Due to the severity of multiple threats, Turkey may be among the hardest countries for journalists. But don’t get me wrong: Journalism still resists and survives here. Prominent journalists like IPI executive board member Kadri Gürsel were jailed for their work but they still stick to journalism. Hundreds of young journalists graduate from more than 100 communication faculties in Turkey each year and most of those to whom I talked voice their determination and resilience to serve the public good and provide the citizens a healthy diet of information against all odds.

Journo and the TGS Media Academy are among the new initiatives that support their work and professional development. So far, we have published news stories from 105 freelance journalists — 68% of them are women and 83% are under 40 years old — and paid them more than $30,000 for their work. These pieces focused on key issues for Turkish media, like innovation in local newspapers, data journalism tools, and the challenges faced by reporters who belonged to Turkey’s fragile communities, including women, LGBTI+, and ethnic/religious minorities. Their stories reached more than 191,000 people on average in the first half of this year.

The TGS Media Academy works for capacity building. Some 2,100 journalists have so far participated in more than 200 training sessions on subjects like investigative journalism and media ethics. Dozens of journalists also received legal assistance, psychological support, and benefited from the Academy’s fully-equipped audiovisual studio in central Istanbul, all free of charge.

Overcoming the range of challenges facing journalists in Turkey requires battles on multiple fronts. It includes equipping journalists with digital skills and business acumen, raising awareness and building trust with audiences, and bridging these two groups on a secure platform that journalism can be funded in multiple ways.

We are working to establish such an open-source news platform in Journo. Our dream is to incubate and accelerate hundreds of journalism startups throughout Turkey, from western Turkish cities bordering the E.U. to Kurdish-majority towns in the southeast and on the border with Syria and Iraq. Our roadmap devises self-sustained pop-up newsrooms with a local audience, making censorship impossible and giving the reporters all the tools — free of charge — for sustainable journalism.

For such a journalism initiative, the first problem is obviously digital security and safety, considering impending legal threats. The time I spent at the MIT Media Lab was particularly valuable as I learned how a decentralized, distributed, and uncensorable network for the production and consumption of high-quality news can be designed. The technical know-how I acquired there led me to reset many of my earlier works, including the coding of the new platform, for the better.

The second big threat comes from the tech-led business model transformation of the media, which is deepened by the Covid-19 pandemic. In Turkey, the situation is even worse than for most media outlets in the West. While the government subsidizes its own partisan outlets, the rest, with critical news coverage, display several weaknesses. Most importantly, a large majority of the audience distrusts journalists amid the highly-polarized social atmosphere. And only a few of the country’s best journalists have the required know-how to establish and sustain a digital outlet.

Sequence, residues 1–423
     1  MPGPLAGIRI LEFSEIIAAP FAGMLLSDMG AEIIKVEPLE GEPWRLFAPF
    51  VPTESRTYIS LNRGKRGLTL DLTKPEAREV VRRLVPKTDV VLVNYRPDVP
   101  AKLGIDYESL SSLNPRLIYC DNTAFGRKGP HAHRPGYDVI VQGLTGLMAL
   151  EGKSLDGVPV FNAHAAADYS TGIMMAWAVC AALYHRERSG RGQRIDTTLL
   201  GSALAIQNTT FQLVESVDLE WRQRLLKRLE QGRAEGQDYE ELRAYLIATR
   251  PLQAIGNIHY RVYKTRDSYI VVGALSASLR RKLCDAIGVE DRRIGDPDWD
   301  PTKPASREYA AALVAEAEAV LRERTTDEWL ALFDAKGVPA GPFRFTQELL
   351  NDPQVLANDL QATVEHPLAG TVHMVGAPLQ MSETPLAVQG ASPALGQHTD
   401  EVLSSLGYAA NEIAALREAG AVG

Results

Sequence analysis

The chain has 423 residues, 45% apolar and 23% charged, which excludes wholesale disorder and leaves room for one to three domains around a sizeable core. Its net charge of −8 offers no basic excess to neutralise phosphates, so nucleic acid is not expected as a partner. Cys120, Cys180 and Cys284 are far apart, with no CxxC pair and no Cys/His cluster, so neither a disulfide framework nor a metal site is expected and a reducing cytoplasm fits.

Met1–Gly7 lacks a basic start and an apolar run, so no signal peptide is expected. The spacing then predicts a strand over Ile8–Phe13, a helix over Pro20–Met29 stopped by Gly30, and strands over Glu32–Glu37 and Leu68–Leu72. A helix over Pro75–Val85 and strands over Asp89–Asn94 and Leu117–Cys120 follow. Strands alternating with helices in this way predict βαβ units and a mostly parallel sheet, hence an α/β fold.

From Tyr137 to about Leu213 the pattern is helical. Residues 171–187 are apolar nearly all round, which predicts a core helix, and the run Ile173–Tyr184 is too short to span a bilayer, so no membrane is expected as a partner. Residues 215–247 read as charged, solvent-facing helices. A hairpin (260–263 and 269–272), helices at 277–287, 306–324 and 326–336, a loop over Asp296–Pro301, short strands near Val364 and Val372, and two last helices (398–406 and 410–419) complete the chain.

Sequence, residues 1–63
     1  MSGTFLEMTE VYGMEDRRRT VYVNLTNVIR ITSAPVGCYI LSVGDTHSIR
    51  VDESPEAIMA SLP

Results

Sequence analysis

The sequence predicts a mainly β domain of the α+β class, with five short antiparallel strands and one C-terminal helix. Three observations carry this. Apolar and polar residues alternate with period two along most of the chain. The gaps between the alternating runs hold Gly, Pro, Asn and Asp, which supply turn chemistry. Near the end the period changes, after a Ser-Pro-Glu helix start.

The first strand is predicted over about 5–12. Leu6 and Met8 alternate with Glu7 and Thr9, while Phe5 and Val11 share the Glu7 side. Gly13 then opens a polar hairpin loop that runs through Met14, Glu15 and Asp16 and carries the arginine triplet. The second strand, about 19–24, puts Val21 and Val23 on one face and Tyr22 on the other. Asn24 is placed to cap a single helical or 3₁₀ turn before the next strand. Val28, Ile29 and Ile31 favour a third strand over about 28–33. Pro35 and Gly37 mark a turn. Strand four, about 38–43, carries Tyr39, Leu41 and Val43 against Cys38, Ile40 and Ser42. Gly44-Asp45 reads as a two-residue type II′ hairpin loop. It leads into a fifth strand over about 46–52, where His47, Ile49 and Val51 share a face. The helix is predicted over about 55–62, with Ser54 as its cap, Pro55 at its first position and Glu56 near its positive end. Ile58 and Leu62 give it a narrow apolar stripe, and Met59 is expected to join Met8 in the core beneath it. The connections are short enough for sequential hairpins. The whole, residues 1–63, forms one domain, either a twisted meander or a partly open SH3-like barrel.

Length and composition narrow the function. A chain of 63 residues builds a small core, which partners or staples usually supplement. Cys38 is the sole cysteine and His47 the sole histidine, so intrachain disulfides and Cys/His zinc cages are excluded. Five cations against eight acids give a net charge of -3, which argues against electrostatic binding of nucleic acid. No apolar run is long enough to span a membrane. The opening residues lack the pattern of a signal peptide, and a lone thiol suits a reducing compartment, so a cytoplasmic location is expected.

As Journo’s editor and a tutor for TGS Academy, I try to convey to my younger colleagues what I learned during my Nieman fellowship: The economic sustainability of a media organization is increasingly linked to its success in revenue diversification, which reinforces editorial independence.

Unfortunately, the digital platforms that have become increasingly important for most media outlets, are not helpful to Turkey’s embattled journalists. Google, for instance, heavily favors Turkey’s partisan disinformation sources in its search engine, burying critical and high-quality journalistic content, raising eyebrows here.

The problem of journalism in Turkey is actually larger than President Erdoğan and his administration.  If the seeds of quality journalism are not sown today, then these problems are likely to persist in a post-Erdoğan Turkey, too, haunting another generation’s hopes for democracy.

It would be naive to presume that Turkish journalism will magically come back to life. Such a resuscitation requires hard work, consistency, and patience from many actors if democracy is to succeed in the long run. Me and my friends are persuaded that these are deep-rooted problems that can only be solved with a bottom-up approach that would return us to the basics of journalism.

Turkey’s mainstream media has imploded, and it will not come back even after Erdoğan. For the sake of Turkish democracy, it should be replaced not with more centralized media titans that can be seized or bought out by another authoritarian leader, but with a decentralized “journalistic spirit” rekindled in each and every corner of Turkey. With a smart kick-start, dozens and even hundreds of journalism startups, ultimately connected to and financed by local audiences, can pop up in every province of Turkey, countering centralized threats including the government as well as the tech platforms.

Luckily, even in the new age of China-style digital censorship, Turkey’s next-generation reporters shine with a glimmer of hope, shouting out that journalism in this country can indeed rise from the ashes. Being well aware of our limitations and humble means, we are still fueled by the strong belief that it is our humanistic and democratic duty to get them on their feet.